01 NRL rugby tangalooma coronavirus
CNN  — 

Players of one of Australia’s most popular professional sports could be quarantined on a luxury island under an audacious plan being considered to get them back on the field – and back on TV – during the coronavirus crisis.

Like most sports, the National Rugby League (NRL) was forced to cancel its entire season due to the spread of the coronavirus, which made it impossible to keep players safe. The cancellation threw the sport into a financial tailspin, and on April 3 the NRL announced that it had reached an agreement with players to forgo five months of their annual salary if the competition is unable to resume.

NRL CEO Todd Greenberg said he is “hellbent” on getting players back on the field, and the innovation committee — codenamed Project Apollo — was considering the island proposal, along with others.

Hosting the players on a tropical getaway is the brainchild of Tangalooma Island Resort manager David James.

The resort, on Moreton Island off the coast of Queensland, typically houses up to 1,500 guests who toboggan down sand dunes, ride catamarans and queue up each night to feed dolphins.

The resort is on Moreton Island, in the state of Queensland.

Under James’ proposal, hundreds of players from the 16 NRL teams would live on the island and be ferried back and forth for games in empty stadiums to be broadcast worldwide.

“It’s rugby league’s version of ‘Love Island’ by the sound of it,” Greenberg joked on Australia’s ‘Wide World of Sports’ radio show on April 3. “We might be able to get additional TV rights with a reality TV show. We’re up for any proposal.”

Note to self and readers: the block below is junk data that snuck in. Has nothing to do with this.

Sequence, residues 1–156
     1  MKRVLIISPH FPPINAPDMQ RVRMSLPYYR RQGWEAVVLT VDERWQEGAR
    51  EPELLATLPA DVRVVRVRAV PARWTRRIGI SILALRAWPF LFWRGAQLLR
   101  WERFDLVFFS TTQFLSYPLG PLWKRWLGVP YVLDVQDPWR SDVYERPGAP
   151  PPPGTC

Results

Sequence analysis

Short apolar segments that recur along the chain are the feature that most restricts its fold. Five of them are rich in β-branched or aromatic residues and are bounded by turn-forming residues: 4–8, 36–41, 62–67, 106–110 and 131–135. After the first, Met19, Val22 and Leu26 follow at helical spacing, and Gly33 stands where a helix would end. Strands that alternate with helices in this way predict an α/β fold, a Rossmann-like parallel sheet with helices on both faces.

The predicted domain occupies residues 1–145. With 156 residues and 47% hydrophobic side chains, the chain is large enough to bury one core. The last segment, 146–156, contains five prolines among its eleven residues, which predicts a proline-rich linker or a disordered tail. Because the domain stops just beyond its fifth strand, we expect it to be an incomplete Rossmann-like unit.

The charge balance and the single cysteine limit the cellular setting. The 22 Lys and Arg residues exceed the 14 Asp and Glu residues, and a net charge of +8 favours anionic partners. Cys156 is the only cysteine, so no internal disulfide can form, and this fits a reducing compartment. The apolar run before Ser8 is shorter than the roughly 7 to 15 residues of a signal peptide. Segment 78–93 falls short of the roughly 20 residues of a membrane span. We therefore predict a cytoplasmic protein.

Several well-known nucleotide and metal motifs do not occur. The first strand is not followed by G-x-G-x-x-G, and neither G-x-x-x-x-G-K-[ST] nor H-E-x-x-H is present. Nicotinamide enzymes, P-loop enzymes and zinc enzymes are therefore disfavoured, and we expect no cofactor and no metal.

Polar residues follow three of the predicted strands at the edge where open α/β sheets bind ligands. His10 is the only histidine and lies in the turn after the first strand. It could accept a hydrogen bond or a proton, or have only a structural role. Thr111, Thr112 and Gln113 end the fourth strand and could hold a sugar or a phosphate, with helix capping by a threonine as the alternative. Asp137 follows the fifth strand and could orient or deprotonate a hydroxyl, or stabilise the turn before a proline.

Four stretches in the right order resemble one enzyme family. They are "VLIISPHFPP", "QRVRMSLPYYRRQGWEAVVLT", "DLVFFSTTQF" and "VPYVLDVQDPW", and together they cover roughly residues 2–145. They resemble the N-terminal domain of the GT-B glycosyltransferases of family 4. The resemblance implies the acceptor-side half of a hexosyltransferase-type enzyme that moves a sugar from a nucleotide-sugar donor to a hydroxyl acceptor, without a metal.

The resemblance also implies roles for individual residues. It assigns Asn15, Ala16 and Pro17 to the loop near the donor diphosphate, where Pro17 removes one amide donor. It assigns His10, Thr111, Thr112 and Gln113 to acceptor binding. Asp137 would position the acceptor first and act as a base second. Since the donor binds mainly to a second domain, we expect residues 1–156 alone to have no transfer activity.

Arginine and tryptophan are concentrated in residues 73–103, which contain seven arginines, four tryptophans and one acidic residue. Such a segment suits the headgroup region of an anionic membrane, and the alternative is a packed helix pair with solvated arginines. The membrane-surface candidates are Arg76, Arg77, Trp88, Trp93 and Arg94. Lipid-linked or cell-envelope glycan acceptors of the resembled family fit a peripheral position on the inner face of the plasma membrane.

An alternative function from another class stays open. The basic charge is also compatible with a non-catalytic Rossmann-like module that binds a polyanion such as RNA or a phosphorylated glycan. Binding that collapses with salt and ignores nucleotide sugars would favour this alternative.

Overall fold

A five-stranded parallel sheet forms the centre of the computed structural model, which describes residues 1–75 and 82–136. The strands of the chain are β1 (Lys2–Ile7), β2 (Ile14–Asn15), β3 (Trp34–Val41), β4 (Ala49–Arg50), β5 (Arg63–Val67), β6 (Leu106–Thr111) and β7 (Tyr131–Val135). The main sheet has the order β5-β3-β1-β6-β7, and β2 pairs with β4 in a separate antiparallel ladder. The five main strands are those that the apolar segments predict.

Earlier this week, Australian Rugby League Commission Chairman Peter V’landys said he hoped the season would resume on July 1, a date considered optimistic by some as the number of coronavirus cases is still rising in the country.

As of Friday, April 3, there were more than 5,000 confirmed cases and 26 people had died.

“There are literally thousands of people that earn a living on the back of rugby league and the quicker we can unlock it and put it back on the field, our fans will enjoy it but also the industry and the economy will need it as well,” Greenberg said.

Hit hard by coronavirus

James said that his Tangalooma resort could be ready to take players in four to six weeks, assuming the number of national coronavirus cases has stabilized or slowed and that health authorities supported the plan.

Right now, the resort is empty, save for 30 to 35 employees who are monitoring security and feeding the dolphins each night.

The business has been hit by a sharp downturn in global tourism, with 300 staffers being furloughed in recent weeks.

“It’s been devastating. We’re a family-owned business. A lot of our staff have been with us anywhere from 10 to 20 years,” James said.

Hosting rugby league players could be a financial lifeline for the resort and many other local businesses.

“We’d have 560 hungry, big males to feed at the resort so that really protects some of the suppliers that we use already,” James said. “We’ve had probably 15 companies from different fields and industries contacting us already that would all benefit out of this going ahead.”

Feeding dolphins is a popular activity for guests at the resort.

Hotel staff would be subject to the same quarantine measures as the players, and buses, boats and stadium change rooms would be sterilized before and after to ensure their safety.

All training would be done on the island – on the beach and in the water. The island’s runway could be converted into a temporary field.

“We have a 900 meter (2,950 feet) by 60 meter (195 feet) grass airstrip – the average length of a football rugby league pitch is about 120-odd meters (390 feet) so you probably have five pitches back to back,” James said.

All visitors would be subject to temperature checks and tests for Covid-19.

“No one can get into the resort, it’s a lockdown facility – it’s our boats in, our boats out,” James said.

“If we could do this, it would be one of the greatest advertisements of Queensland and Australian ingenuity.”